Tuesday, August 10, 2010


The abbreviation ETF stands for exchange-traded fund. It used to mean a basket of equities making up some broad index where the annual fees charged were very low. As investors came to understand that ETFs were good, the name “ETF” began to be used for just about any type of investment.

At first it was very narrowly-focused exchange-traded funds that got in on the ETF name. It’s hard to argue that this was really an abuse of the name, though, because these funds were, in fact, exchange-traded. But they were different from the original ETFs in important ways. Firstly, they had higher fees, and secondly, they did not represent a broad index (as Preet observed recently).

For a while I tried to use the cumbersome term “low-cost broad-index ETF” to get at the original meaning of ETF, but that’s not a very catchy name.

Lately, the name ETF has been attached to index mutual funds as well. Because mutual funds aren’t exchange-traded, this is hard to justify other than with the we-will-make-more-money-using-this-misleading-name justification. As long as the general public thinks ETF=good, we can expect the use of “ETF” to expand further to apply to ever more expensive investments.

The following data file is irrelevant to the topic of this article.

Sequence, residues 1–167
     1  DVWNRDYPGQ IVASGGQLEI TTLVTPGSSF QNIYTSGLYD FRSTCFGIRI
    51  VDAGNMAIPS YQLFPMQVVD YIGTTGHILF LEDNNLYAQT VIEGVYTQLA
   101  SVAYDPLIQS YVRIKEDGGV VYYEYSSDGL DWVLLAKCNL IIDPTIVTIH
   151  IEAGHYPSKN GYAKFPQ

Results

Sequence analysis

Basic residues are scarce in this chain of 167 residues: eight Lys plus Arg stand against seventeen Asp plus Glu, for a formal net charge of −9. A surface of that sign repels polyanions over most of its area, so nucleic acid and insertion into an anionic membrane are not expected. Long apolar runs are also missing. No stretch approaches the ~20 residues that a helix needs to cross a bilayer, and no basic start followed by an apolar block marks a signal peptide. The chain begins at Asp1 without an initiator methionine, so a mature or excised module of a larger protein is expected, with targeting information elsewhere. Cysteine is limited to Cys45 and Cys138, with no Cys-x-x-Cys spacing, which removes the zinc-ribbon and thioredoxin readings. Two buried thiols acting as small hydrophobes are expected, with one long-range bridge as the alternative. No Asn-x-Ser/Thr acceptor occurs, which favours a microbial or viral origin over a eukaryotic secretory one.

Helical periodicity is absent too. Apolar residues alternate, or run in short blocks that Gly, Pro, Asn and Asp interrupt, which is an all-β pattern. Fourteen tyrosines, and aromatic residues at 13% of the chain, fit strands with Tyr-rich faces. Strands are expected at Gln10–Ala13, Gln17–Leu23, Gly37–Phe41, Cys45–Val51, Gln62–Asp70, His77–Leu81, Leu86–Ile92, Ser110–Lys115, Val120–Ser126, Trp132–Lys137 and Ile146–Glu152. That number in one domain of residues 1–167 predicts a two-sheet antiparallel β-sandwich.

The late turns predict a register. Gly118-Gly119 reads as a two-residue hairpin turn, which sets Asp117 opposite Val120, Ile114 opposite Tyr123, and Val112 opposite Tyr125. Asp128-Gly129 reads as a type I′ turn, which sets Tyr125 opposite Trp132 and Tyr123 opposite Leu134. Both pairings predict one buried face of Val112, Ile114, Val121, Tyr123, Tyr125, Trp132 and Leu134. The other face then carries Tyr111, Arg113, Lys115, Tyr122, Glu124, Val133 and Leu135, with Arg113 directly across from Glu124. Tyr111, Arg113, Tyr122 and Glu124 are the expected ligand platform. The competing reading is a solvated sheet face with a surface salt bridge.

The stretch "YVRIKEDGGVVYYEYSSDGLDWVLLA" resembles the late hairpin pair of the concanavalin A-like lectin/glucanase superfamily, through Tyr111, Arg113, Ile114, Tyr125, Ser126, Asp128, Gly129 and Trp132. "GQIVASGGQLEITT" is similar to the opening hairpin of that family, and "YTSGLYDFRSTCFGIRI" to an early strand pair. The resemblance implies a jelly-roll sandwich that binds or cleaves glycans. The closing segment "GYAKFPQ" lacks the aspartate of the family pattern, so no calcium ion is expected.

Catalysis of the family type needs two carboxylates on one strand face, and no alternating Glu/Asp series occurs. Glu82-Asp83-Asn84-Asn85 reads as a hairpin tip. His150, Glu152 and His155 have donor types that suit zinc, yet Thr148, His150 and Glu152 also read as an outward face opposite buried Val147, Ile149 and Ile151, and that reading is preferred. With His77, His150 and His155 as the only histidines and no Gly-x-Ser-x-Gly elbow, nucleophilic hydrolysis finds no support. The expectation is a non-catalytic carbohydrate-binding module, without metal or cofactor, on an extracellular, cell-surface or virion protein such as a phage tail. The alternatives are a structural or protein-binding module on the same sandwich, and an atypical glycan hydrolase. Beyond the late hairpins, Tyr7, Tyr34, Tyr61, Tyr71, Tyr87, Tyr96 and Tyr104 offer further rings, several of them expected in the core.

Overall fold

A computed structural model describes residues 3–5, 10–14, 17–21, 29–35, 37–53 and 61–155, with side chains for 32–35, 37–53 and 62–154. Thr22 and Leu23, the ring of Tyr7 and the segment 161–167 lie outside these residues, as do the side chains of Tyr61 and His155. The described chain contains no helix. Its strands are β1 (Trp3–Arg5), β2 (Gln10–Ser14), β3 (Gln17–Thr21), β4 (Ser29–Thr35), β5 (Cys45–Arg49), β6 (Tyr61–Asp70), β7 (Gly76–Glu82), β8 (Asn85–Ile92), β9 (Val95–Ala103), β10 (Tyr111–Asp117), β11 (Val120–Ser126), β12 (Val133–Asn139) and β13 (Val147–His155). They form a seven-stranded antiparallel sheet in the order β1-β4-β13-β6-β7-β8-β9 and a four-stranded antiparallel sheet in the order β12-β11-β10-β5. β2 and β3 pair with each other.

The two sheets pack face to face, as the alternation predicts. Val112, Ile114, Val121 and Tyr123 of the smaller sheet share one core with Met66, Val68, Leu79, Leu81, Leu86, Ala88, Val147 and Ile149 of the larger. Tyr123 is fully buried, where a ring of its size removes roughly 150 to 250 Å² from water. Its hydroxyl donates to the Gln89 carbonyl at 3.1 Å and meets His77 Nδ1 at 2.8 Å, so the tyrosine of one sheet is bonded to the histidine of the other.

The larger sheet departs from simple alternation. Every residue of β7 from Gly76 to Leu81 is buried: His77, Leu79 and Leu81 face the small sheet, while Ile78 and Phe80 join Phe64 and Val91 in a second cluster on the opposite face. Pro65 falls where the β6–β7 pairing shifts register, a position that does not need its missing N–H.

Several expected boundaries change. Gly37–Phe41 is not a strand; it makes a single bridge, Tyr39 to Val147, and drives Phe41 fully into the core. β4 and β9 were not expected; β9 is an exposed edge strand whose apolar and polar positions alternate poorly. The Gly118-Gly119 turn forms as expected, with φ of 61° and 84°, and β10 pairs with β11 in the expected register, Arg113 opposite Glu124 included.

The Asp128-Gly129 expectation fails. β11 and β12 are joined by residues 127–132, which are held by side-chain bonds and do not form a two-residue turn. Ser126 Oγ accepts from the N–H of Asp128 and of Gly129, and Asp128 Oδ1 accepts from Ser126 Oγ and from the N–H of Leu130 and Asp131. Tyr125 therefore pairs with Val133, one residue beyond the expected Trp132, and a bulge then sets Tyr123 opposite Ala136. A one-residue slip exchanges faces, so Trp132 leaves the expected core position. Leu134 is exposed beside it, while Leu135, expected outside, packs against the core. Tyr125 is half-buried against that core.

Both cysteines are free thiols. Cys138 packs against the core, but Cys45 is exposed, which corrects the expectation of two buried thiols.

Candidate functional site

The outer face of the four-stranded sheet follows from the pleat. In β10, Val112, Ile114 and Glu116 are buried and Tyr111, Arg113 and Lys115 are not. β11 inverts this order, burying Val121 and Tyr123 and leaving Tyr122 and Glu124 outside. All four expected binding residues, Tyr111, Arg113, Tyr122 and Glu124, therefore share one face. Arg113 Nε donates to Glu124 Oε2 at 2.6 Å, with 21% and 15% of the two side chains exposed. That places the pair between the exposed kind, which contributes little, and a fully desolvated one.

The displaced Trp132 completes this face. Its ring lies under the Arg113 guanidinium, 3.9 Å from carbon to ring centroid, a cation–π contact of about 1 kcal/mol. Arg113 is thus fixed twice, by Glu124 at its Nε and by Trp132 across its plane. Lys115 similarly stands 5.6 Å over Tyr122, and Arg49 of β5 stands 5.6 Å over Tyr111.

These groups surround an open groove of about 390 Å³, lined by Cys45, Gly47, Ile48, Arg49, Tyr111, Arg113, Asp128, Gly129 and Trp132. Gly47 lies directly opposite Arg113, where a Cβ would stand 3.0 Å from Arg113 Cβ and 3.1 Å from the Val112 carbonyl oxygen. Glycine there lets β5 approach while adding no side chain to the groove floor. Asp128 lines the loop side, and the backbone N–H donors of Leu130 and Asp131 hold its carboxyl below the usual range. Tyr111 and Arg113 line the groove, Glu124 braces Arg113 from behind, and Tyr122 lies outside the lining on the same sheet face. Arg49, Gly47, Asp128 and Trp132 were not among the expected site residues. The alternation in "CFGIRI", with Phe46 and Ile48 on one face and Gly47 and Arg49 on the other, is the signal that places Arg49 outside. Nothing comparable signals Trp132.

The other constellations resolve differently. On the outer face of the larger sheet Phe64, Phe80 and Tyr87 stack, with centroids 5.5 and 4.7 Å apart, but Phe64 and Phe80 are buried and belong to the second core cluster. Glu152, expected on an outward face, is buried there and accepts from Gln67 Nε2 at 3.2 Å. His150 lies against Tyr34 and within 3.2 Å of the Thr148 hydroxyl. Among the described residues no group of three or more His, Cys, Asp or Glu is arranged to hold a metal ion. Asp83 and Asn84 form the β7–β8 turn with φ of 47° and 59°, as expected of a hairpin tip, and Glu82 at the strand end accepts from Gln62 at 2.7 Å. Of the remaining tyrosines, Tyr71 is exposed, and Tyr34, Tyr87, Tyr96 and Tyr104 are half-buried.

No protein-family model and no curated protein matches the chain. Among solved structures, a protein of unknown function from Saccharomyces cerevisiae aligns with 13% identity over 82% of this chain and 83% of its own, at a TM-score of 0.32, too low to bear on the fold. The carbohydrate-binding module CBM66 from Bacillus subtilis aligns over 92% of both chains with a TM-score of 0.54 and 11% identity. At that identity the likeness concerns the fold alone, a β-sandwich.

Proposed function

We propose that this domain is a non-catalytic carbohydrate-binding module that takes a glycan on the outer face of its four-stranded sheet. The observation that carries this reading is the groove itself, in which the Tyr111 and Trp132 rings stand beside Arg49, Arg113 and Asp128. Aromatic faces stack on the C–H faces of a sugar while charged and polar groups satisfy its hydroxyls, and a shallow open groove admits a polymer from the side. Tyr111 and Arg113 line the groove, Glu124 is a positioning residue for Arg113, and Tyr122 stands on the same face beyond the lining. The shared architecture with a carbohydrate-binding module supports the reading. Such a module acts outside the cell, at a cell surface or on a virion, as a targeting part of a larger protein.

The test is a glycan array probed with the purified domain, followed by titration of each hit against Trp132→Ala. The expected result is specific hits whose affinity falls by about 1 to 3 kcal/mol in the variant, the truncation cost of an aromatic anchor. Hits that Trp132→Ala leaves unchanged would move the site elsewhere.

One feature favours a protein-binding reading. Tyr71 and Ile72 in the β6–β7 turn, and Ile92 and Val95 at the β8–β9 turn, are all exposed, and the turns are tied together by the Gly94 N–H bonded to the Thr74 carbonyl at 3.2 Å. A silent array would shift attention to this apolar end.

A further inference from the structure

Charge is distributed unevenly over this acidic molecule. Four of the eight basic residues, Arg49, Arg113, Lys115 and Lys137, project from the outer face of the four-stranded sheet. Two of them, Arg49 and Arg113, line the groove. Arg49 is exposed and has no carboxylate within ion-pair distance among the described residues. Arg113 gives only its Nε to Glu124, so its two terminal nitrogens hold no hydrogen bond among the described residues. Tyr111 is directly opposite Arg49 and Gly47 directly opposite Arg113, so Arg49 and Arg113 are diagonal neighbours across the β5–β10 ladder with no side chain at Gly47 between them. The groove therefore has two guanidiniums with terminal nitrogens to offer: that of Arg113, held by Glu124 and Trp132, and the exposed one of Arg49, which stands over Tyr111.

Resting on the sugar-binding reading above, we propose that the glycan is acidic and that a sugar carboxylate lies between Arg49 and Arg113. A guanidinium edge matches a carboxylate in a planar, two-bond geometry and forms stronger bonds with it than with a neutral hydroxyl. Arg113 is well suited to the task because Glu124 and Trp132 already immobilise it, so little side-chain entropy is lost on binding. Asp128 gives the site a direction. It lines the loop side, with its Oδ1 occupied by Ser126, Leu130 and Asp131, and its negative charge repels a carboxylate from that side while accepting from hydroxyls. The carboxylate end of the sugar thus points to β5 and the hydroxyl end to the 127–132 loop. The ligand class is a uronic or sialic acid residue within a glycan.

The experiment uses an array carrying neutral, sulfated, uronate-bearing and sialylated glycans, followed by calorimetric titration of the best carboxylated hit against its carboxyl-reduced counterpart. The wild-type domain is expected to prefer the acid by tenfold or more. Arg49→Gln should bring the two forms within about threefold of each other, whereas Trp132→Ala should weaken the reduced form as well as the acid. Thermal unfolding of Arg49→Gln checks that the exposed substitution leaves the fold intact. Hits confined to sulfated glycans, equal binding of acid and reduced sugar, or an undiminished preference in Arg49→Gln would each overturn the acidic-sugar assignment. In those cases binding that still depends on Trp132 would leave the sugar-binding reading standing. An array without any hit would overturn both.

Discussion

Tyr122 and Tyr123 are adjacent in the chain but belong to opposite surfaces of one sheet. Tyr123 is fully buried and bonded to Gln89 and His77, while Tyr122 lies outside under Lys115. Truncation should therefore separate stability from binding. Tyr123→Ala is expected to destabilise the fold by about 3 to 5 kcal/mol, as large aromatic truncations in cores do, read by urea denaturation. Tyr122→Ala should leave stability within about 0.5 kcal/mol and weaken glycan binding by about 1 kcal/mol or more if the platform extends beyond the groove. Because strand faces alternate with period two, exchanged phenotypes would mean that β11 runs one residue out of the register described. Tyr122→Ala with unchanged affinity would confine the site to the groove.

I’m officially declaring the name “ETF” dead for having any specific useful meaning. To be precise, you’ll have to use some long list of qualifiers along with “ETF” to avoid its various marketing uses.


  1. MJ, is there any ironic symbolism, given your post's message, that your post is adorned with a comment containing spam-type ad links? Dear Anon, Ooooo, I sure am gonna buy some of those products now.
    Hear, hear on your post btw.

  2. @Canadian Investor: I'm not sure whether these spammers have an automated way to get by the checks for a human doing the posting of a comment, but I have to kill off these spam comments a few times per week.

    [For other readers, the first comment on this post used to be an obvious spam before I deleted it.]

  3. Interesting- yeah, some of those mutual funds are pretending to be ETF's.

    Someone needs to go and set everyone straight and tell mutual funds to back off and get back on their turf.


  4. @Young: I'm not sure what the answer is. Maybe banks are going to start offering ETF chequing accounts and ETF safe deposit boxes. The term "ETF" will just be synonymous with "good".

  5. Excellent post MJ.

    When do you think a Buffett ETF or a Soros ETF is going to hit the market - for investors to mirror their holdings?


  6. @Financial Cents: I don't know when a Buffett or Soros tracking ETF will hit the market, but there is a good chance it will be a mutual fund :-)